San Diego Law Review
Some rules of evidence are complex. The federal rules governing the admissibility of hearsay statements,' for example, include at least forty different provisions. Numerous judges and scholars have commented on the complexity of the hearsay rules. Not all rules of evidence are complex, however. For example, the federal rules governing the admissibility of character evidence are relatively straightforward: evidence that is offered for the purpose of proving character is inadmissible, subject to a few well-defined exceptions. Despite this relative straightforwardness, many of the federal circuit courts of appeals have overlaid the rules regarding character evidence particularly Rule 404(b)--with unnecessary interpretive heuristics, leading to evidentiary decisions that are contrary to the purpose of the rules. For example, many of the federal circuit courts of appeals have issued opinions implying or even explicitly asserting that the "inclusive" structure of Rule 404(b) creates a "presumption of admissibility” - when in fact the rule should be applied as "a rule of general exclusion."
The purpose of this Article is to examine how federal circuit courts of appeals' references to the inclusive structure of Rule 404(b) have become counterproductive to a faithful application of the rule. Specifically, characterizing Rule 404(b) as a "rule of inclusion" has led courts to imply that the rule creates a presumption in favor of admissibility. As is discussed in Part II, the structure of Rule 404(b) is inclusive, to the extent that the rule prohibits other acts evidence for the purpose of proving propensity but does not prohibit other acts evidence if offered for another purpose. But as Part III demonstrates, many recent opinions of the federal circuit courts of appeals contain references to Rule 404(b)'s inclusive structure that are misleading because they suggest that "inclusive" means "presumed admissible." Part IV discusses recent cases from several federal circuit courts of appeals that recognize both the general problem of over-admitting other acts evidence, as well as the specific problem of referring to Rule 404(b) as a "rule of inclusion." Part V proposes that one way to improve the federal courts' application of Rule 404(b) is for the courts to shift their focus from the inclusive structure of the rule and instead focus on the exclusionary purpose of the rule.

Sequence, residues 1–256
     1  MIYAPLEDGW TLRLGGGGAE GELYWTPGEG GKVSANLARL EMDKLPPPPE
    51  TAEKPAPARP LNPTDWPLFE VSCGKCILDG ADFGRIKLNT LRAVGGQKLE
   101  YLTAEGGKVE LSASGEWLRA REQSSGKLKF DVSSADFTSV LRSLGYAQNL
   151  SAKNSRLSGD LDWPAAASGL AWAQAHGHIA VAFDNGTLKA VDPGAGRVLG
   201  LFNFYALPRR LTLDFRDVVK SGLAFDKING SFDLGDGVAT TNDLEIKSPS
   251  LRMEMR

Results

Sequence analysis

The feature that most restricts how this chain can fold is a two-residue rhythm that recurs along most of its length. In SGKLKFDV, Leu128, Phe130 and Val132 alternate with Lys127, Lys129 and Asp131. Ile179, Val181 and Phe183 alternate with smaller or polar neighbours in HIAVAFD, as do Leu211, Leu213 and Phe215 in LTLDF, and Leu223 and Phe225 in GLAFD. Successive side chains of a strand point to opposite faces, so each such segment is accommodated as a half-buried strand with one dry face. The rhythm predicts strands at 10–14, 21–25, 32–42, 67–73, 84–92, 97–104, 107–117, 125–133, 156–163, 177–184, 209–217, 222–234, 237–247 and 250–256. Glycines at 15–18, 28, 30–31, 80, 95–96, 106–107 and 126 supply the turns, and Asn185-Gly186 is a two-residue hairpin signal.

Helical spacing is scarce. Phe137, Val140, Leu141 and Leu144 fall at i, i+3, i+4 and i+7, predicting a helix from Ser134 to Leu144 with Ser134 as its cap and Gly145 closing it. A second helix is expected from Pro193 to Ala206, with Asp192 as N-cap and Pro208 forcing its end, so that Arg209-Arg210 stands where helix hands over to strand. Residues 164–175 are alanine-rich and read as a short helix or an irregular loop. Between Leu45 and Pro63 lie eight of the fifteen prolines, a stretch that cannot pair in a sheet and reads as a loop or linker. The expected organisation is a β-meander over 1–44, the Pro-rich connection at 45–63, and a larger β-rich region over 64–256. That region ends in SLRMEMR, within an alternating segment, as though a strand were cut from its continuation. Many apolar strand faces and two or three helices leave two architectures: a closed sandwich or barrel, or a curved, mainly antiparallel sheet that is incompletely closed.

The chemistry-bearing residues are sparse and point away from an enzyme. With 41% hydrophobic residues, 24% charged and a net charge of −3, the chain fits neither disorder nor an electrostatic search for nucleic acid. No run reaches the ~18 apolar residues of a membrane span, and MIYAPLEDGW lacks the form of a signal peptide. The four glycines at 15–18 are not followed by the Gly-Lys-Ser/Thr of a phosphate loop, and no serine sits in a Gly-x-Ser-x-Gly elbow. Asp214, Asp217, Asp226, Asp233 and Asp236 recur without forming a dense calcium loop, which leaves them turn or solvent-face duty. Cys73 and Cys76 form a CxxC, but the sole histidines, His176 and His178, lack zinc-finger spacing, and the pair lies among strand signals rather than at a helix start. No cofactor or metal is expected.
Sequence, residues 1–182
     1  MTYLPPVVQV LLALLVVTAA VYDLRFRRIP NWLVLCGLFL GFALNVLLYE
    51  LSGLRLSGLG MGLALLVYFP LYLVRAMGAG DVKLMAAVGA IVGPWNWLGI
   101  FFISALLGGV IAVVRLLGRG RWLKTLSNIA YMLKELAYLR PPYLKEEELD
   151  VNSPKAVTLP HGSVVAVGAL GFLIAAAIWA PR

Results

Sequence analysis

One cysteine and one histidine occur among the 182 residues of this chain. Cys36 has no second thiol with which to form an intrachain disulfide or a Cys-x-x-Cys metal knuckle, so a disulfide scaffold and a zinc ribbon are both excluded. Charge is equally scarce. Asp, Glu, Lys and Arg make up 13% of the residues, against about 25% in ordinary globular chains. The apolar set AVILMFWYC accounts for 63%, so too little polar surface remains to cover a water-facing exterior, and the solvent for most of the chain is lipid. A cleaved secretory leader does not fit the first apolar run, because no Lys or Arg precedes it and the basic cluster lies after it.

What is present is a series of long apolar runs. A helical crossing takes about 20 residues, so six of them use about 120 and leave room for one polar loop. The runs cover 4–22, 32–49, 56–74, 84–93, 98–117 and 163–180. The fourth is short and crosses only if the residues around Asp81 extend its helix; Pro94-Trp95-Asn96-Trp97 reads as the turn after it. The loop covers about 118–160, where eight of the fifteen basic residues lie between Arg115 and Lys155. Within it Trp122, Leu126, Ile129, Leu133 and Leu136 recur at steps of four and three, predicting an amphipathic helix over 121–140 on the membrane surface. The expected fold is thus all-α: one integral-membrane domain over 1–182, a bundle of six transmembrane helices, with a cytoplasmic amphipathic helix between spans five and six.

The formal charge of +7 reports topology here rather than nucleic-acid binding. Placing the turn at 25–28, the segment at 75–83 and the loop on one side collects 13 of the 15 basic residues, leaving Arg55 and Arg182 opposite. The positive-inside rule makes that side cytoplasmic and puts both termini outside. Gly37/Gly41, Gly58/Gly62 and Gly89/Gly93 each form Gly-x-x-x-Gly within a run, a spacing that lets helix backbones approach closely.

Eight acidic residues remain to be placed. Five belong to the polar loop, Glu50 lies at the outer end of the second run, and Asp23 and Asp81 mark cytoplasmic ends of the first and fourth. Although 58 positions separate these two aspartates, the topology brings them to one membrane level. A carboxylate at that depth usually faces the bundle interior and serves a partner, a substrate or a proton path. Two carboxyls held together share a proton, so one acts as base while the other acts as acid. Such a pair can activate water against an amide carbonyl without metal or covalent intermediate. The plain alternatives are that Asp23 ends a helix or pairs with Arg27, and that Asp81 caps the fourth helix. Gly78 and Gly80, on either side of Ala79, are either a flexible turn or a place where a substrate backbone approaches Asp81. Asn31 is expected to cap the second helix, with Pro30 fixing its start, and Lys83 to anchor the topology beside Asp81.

Dora W. Klein, “Rule of Inclusion" Confusion, 58 San Diego L. Rev. 379 (2021).